The pound dropped a further 1.3% yesterday after discussions about a hard Brexit are causing concern across Britain’s financial markets, with the pound’s drop to a 31-year low against the dollar in focus.
At Conservative Party’s annual conference this week, leaving the European Union remained a hot topic. Prime Minister Theresa May appears to be moving closer to a so-called hard Brexit that will restrict access to the EU’s single market so that the government can control immigration. The Pound has tumbled more than 2.5 percent since May’s speech on Sunday, weakening further as she was said to take the view that financial services would get no special favors in EU exit talks.
The pound has come under renewed pressure as fears grow that Britain's divorce from the EU will be messier and costlier for the economy than expected. March 2017 is now set as the deadline for triggering ‘divorce’ proceedings, and the market is taking strain. The pound has already dropped 16 percent since the UK referendum, and is currently at the lowest level since 1985.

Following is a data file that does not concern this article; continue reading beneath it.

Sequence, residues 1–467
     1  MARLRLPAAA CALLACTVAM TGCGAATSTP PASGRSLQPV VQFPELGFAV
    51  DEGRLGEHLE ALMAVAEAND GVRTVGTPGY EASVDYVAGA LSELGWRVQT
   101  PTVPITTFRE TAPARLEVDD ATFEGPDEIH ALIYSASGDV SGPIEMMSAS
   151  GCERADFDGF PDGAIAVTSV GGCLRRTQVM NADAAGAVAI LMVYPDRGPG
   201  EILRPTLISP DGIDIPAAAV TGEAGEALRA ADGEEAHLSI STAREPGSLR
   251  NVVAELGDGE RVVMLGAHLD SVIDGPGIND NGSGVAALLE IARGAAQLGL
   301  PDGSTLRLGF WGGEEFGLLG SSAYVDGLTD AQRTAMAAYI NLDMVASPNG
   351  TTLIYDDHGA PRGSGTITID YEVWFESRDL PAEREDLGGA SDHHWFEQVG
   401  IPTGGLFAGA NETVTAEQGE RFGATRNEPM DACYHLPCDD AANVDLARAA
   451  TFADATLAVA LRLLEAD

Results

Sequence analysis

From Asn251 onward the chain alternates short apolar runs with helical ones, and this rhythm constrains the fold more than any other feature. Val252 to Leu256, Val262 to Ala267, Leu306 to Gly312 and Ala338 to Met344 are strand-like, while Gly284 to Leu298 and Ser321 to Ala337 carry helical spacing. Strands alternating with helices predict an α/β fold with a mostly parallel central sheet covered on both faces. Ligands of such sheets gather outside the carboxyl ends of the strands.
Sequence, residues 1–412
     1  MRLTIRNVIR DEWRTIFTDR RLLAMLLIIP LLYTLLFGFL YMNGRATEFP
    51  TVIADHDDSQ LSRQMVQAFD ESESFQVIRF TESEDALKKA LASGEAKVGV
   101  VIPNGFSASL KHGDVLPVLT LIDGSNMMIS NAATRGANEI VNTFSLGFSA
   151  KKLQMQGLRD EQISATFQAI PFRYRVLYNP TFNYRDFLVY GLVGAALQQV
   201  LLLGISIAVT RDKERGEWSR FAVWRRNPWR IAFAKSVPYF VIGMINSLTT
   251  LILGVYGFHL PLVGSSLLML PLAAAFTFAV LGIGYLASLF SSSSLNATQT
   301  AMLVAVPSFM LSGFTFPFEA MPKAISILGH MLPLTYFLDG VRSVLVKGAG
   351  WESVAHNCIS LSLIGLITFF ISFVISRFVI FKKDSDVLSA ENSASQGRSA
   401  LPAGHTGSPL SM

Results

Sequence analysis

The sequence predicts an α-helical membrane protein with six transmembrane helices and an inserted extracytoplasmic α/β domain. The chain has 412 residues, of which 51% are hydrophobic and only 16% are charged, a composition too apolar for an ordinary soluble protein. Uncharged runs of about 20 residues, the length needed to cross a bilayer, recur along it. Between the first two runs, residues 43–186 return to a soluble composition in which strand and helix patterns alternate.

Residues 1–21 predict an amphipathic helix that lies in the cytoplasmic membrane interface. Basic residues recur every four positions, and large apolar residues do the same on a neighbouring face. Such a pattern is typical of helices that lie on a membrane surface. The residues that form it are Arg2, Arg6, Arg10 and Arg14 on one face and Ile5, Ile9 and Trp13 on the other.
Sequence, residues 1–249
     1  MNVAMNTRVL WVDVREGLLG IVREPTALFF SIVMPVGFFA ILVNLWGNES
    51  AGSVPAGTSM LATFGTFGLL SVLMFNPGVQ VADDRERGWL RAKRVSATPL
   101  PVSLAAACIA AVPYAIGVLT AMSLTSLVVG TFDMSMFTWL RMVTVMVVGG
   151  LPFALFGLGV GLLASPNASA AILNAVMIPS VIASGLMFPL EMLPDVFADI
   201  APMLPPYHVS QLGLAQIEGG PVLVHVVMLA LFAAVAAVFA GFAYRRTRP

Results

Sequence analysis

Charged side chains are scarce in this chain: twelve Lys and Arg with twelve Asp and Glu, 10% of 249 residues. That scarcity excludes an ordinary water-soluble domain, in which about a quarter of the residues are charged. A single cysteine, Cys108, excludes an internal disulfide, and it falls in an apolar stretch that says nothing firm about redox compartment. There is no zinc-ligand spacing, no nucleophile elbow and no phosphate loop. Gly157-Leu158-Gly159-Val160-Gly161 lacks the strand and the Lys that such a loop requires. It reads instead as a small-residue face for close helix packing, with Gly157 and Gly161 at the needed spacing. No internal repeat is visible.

The number of Americans filing for unemployment benefits unexpectedly fell last week, close to a 43-year low. This afternoon sees the release of the US unemployment figures, and the unemployment rate is expected to hold steady at 4.9 percent. Jobs growth has been slowing, but is still well above the threshold needed to absorb new entrants into the labour market. The U.S. Federal Reserve has said it is inclined to raise rates by the end of the year should the labour market and inflation continue to show signs of strengthening.
09.30 – GBP : Manufacturing Production (Aug), forecast higher at 0.4 from -0.9%
13:30- USD: US Non-Farm Unemployment forecast expected at 171K from 151K
13:30- USD: US Unemployment expected to remain unchanged at 4.9%